Is there a light at the end of the long “tunnel” of my AASECT certification process? Possibly! I logged twelve delightful hours in a group supervision process which took place in Monterey this last weekend. For those who don’t know, AASECT is the American Association of Sex Educators, Counselors and Therapists, and represents a fairly large and visible group of professionals who work in this area.
While I am a board certified sexologist, through the American College of Sexologists, this does not have the same requirements as the AASECT certification. AASECT requires a certain amount of clinical supervision hours for each of their different categories. My supervisor is Stephen L, Braveman, MA, LMFT, DST, who does an immense amount of work with the trans community and with men who have been sexually abused.
Our group supervision was also lead by Dr. Stephanie Buehler, from Southern CA. Dr. Buehler is the western regional chair for AASECT and it was a pleasure to meet her in person at last.
The weekend was rich in learning opportunities and it will take me quite awhile to process and sort them all out. However, I was fascinated by the subtle differences between my training and orientation as a sexologist, and everyone else’s in psychology. Sexology – which focuses on human sexual behavior – does not immediately rush to pathology when confronted with unusual sexual behaviors. It may have been Alfred Kinsey who called it “the study of what people do and how they feel about it” – but I could also say that a large part of my orientation as a clinical sexologist also includes the old sixties creed, “if it feels good, do it!” Of course, that only applies within the boundaries of adult, consensual relationships.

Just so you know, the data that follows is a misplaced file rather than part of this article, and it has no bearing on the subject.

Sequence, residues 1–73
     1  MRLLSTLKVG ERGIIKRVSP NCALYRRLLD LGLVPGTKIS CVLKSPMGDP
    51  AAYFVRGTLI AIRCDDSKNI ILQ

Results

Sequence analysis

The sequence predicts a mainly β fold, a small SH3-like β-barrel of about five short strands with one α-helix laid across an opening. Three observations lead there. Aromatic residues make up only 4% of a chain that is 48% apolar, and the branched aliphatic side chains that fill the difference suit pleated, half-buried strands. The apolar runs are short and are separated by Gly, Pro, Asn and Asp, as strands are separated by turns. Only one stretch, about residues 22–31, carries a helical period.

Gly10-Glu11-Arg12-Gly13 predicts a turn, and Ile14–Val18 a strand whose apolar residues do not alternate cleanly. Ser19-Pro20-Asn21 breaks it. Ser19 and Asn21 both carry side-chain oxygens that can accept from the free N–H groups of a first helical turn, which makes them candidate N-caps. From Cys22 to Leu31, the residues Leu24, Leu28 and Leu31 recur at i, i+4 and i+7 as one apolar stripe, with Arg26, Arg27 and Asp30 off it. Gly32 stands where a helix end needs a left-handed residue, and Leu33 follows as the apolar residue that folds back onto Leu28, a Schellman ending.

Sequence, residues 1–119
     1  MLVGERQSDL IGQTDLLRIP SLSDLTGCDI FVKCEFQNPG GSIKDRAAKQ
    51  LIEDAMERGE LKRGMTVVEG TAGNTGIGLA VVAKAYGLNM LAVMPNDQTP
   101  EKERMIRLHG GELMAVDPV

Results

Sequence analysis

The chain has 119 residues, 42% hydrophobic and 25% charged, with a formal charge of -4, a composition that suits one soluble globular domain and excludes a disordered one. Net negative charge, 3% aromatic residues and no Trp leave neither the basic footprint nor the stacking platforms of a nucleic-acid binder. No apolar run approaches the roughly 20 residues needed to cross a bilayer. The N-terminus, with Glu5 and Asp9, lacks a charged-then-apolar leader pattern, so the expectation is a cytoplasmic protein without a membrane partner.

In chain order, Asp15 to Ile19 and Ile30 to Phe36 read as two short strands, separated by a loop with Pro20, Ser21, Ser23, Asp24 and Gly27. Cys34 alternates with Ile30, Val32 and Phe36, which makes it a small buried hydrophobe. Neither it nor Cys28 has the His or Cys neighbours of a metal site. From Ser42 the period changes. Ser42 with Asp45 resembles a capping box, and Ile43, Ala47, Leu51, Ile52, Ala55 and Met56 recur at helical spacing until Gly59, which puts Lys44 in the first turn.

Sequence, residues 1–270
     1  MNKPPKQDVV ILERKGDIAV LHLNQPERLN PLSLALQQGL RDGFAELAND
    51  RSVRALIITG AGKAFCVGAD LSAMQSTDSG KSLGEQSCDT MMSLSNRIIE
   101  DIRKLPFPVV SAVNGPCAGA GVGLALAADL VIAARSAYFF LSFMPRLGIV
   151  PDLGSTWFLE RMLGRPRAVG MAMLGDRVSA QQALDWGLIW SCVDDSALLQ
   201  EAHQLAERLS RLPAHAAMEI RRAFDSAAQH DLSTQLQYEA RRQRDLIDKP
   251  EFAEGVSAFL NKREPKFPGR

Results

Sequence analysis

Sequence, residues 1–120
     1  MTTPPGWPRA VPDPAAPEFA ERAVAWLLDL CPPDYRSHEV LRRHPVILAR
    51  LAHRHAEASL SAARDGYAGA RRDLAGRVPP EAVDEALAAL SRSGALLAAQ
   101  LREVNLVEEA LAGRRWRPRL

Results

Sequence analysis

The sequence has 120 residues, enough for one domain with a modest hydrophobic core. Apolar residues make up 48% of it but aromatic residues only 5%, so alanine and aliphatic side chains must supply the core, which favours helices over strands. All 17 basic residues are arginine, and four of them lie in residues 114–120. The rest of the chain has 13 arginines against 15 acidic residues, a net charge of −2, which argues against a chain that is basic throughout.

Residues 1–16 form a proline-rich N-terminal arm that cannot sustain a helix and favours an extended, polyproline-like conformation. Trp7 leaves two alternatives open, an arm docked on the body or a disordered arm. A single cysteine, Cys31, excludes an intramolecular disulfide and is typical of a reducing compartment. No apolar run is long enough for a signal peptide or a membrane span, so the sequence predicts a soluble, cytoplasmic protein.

I am afraid, however, that my normal “Hermoine Grainger” mode was in full swing – and I hope that my eagerness to absorb and share knowledge and insights was not too much of a trial to either AASECT supervisor, or to the rest of my group, who were truly phenomenal people and very gifted helping professionals.
Finally, I want to give a hearty “shout out” to Nickolas J. McDaniel, MA, who is a registered Marriage and Family Therapy intern who works closely with Stephen Braveman. He was extremely helpful and great fun – even searching out some great sources of “packers” for me that I might be able to pass on to a client. (If you don’t know what a “packer” is – google it!).